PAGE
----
Home Mental Health Practicing Self-Care With Bipolar Disorder

Practicing Self-Care With Bipolar Disorder

by Gauri Kolhe

Bipolar disorder, also known as Manic Depression, is a mental illness that causes one’s moods to shift from manic highs to depression. The treatment plan for bipolar disorder usually includes medications, psychotherapy and self-care.

A study shows that when people diagnosed with Bipolar disorder practiced self-care strategies, they had significantly lower scores of stress, anxiety and depression. Consistency is key when practicing self-care.

Here are some pointers to help you get started.

Setting a routine

The structure that comes with having a routine has been proven to have a positive effect while treating bipolar disorder. However, disrupting this routine can potentially trigger a mood episode.

A good routine generally includes having a fixed time to take your medicines, sleep and eat, and setting aside time to relax and calm your mind.

Maintain a proper sleep cycle

Bipolar disorder affects sleep greatly. A manic episode may lead to very little sleep, whereas a depressive episode makes you want to sleep all the time. A poor sleep cycle could trigger more depressive or manic episodes.

Setting up a bedtime routine that calms your racing mind before you sleep, will help restore a normal sleep cycle.

Managing stress

People with bipolar disorder are usually more sensitive to stress since it can trigger symptom relapses. You need to reduce stress in your life to maintain self-care.

You can reduce stress by taking small breaks throughout the day so that you don’t feel overwhelmed. Techniques like meditation and tai chi can also help you unwind.

Mood tracking

Your moods can be quite unpredictable when you have bipolar disorder. Logging your moods throughout the day in a journal will help you understand your condition better.

As you track your moods, you may start noticing patterns and signs before an episode is triggered. This will help you predict when your mood is about to shift. You can even use apps like MoodPanda or Moodfit to track your moods.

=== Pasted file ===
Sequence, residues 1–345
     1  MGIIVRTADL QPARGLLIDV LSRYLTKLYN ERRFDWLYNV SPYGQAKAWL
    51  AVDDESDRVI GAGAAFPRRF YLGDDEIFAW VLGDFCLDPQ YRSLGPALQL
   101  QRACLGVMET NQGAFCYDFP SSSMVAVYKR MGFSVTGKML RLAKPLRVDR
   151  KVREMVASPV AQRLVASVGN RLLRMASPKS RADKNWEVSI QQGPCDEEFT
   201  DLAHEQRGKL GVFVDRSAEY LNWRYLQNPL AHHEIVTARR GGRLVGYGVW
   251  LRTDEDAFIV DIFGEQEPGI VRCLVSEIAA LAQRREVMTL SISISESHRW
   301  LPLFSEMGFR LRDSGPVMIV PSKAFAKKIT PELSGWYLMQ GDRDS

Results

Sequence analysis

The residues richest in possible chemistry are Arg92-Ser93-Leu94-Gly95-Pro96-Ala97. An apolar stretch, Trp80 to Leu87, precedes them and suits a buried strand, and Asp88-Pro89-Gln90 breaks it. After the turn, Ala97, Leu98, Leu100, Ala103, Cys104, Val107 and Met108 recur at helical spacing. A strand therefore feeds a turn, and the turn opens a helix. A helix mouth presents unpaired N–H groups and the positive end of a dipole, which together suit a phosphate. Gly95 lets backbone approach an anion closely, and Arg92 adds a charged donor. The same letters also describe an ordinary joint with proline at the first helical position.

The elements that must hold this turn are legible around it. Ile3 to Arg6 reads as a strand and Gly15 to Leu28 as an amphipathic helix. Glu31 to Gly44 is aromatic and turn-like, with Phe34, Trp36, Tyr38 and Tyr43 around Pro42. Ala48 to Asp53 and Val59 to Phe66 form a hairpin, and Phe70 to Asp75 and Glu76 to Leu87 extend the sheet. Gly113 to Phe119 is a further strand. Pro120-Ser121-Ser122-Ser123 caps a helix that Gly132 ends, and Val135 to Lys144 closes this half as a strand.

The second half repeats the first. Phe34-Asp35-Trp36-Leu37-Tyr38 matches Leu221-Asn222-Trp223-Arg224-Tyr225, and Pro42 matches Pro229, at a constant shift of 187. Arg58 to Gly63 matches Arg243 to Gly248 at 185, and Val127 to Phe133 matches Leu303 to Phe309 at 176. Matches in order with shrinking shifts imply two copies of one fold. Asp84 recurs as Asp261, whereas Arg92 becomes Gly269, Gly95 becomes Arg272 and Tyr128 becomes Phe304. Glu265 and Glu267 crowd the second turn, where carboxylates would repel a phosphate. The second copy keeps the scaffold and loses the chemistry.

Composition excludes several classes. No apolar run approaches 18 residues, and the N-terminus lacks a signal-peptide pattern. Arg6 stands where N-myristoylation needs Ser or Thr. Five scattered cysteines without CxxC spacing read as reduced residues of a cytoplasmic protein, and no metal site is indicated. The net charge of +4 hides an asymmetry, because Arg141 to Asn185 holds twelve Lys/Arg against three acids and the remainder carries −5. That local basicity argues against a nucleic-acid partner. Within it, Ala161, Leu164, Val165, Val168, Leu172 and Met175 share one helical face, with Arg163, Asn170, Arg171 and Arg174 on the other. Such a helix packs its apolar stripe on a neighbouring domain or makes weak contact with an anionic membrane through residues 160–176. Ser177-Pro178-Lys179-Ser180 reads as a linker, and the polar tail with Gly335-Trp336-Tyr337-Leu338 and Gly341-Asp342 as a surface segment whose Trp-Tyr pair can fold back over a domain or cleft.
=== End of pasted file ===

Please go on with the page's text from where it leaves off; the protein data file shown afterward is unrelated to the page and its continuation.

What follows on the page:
Incorporate physical activity

Exercise need not be vigorous, even a simple walk can be a great mood booster and reduce stress. It has been known to aid persons who have bipolar disorder and enhance their life quality.

Choose an activity that you like so that you’re motivated to be active. It is necessary to incorporate a little activity into every day, even on the days you don’t feel like it.

Avoid substance use

Substance use disorder affects nearly half of persons with bipolar disorder. Substance abuse can make treating bipolar disorder more difficult. Speak with your doctor if you believe that substance abuse is complicating your treatment.

If you need help stopping your substance abuse, go to your doctor. It’s likely to have an impact on a person’s ability to stick to or respond to their treatment plan.

Maintain a close and informed support system

Having a close group of friends and family may act as a safety net in times of difficulty. Create an action plan that includes your warning indicators and episode triggers, and addresses and phone numbers that have previously been helpful. When an episode begins, have your doctor on standby.

Strategies to manage manic and depressive episodes

You can attempt these particular self-care practices to manage manic and depressive symptoms as you implement these basic guidelines into your routine.

In a manic episode, try taking small breaks throughout the day and avoid excess stimulation. Set limits and some time aside for relaxation. Reach out to a friend if necessary.

In a depressive episode, try something as small as changing your environment, as hard as it might feel. Talk to a friend and tidy up your space to relax your mind.

Conclusion

Self-care is not always challenging, but it is essential while living with bipolar disease. It helps decrease the effects of your illness daily. Pick one or two self-care methods, to begin with, to prevent being overwhelmed.

Once you’ve incorporated these habits into your daily routine, incorporate something new. Regularly check in with your doctor and therapist to inform them how you’re doing, and seek support if you need it.

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